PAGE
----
This war graves report shows Britain must face its colonial past with honesty

Walking around the Voi cemetery in southern Kenya a couple of years ago while filming a ドキュメンタリー for Channel 4, I read the names of British captains and corporals who died in the country in the first world war and paid my solemn respects.

I then asked the caretaker where the bodies of the Africans who also served Britain were buried. He pointed into the distance, behind the fence of the neatly-kept grounds into the bush, where dogs pee next to discarded plastic bags, bottles and other bits of miscellaneous rubbish. There was no headstone, no memorial and no dignity to be found in their deaths.

As the Commonwealth War Graves Commission 最後に admits 今日, まで 54,000 casualties, from Indian, east African, West African, Egyptian and Somali units were treated with unequal dignity in death. Some were commemorated collectively on memorials, instead of being given individually marked graves like their European counterparts. Others had their names recorded on registers, rather than in stone. As many as 350,000, mainly east African and Egyptian, personnel who fought for Britain were not commemorated by name. Some of them were not commemorated at all.

The logic for this outrage was explained by Gordon Guggisberg, the governor of the Gold Coast (now Ghana), who wrote in 1923: “The average native of the Gold Coast would not understand or appreciate a headstone.” A War Graves Commission document refers to African soldiers and carriers as “semi-savage”. Another states “they are hardly in such a state of civilisation as to appreciate such a memorial”, and “the erection of individual memorials would represent a waste of public money”.

As an organisation that prides itself on “equality in death” it’s difficult to imagine what the reaction of the Commonwealth War Graves Commission would be if it discovered that hundreds of thousands of white soldiers who fought for Britain were buried without graves. しかしながら, it is to be welcomed that the organisation now admits that the decision to exclude Black and Brown soldiers from equal commemoration was underpinned by “the entrenched prejudices, preconceptions and pervasive racism of contemporary imperial attitudes”.

No condolences can ever make up for the indignity suffered by the unremembered. No headstone erected today can fill the empty void of the century that has passed in which these people were viewed as superfluous. それにもかかわらず, the commission’s apology and commitment to implement the recommendations of the report does offer the opportunity for us as a nation to take a fresh look at our collective history.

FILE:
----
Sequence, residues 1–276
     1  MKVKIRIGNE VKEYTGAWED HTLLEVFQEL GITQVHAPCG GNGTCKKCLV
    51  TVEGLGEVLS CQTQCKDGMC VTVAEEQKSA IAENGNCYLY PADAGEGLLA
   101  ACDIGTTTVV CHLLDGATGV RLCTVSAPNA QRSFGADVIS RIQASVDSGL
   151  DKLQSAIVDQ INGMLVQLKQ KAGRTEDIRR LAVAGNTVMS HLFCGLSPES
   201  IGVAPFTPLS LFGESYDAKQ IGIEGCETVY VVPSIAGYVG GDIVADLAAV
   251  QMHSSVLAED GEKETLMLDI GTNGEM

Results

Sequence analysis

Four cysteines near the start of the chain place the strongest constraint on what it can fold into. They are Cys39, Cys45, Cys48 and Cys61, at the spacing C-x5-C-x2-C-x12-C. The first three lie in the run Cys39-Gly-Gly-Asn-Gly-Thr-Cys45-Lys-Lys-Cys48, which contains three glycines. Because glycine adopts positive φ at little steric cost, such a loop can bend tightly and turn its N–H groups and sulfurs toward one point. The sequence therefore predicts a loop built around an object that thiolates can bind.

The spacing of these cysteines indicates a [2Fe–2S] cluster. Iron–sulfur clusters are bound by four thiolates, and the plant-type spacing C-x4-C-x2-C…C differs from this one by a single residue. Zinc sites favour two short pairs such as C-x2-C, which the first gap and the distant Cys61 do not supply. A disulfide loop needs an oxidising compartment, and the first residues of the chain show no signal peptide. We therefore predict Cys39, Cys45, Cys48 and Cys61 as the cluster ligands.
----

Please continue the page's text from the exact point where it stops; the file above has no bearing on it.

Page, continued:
When we think of the first world war, we think of the interminable trenches of the western front. We think of the battles of the Somme, Mons and Passchendaele. We think of wartime poets like Wilfred Owen, Siegfried Sassoon and Rupert Brooke. We do not think of the first shot fired by a British soldier, Regimental Sergeant-Major Alhaji Grunshi of the Gold Coast, during the Anglo-French invasion of Togoland (now Togo), which was then a German colony. When we think of the end of the first world war, we think of the armistice of 11 11月 1918, forgetting that conflict continued between German and British troops in east Africa for a further two weeks.

Whenever there is debate around decolonising the curriculum, there is false assumption that those arguing for it are focused on removing what we do not like. This could not be further from the truth. We don’t want to erase history. We want to tell it honestly. Until we are able to do this, we will be unable to properly understand the present.

Wilful ignorance of Britain’s colonial past in part explains the refusal by Boris Johnson’s government to accept the existence of institutional racism in modern Britain. The government’s Sewell report, denounced by the UN, described the belief in institutional racism in the UK as being a product of “idealism” from young people. There can be no clearer evidence than this report that, 実際には, the refusal to accept the existence of institutional racism is a product of ignorance.

There is not only one injustice in this story. The first is clear: hundreds of thousands of Black and Brown soldiers who died for Britain were not given the graves, memorials or commemoration that they deserved. The second is that it took so long for this travesty to be recognised, let alone corrected. It should not have taken me to present a TV documentary for action to be taken or for apologies to be made. The research that The Unremembered was based on was completed by academic Michèle Barrett a decade previously, but it was ignored. This fact reflects poorly on the Commonwealth War Graves Commission, but it is typical of so many institutions in this country that are reluctant to see prejudice even when it is staring them in the face.

Let this teach us a lesson: we cannot hide from the worst parts of our history if we want to move forward as a nation. As Martin Luther King Jr once said: “The arc of the moral universe is long, but it bends toward justice.”

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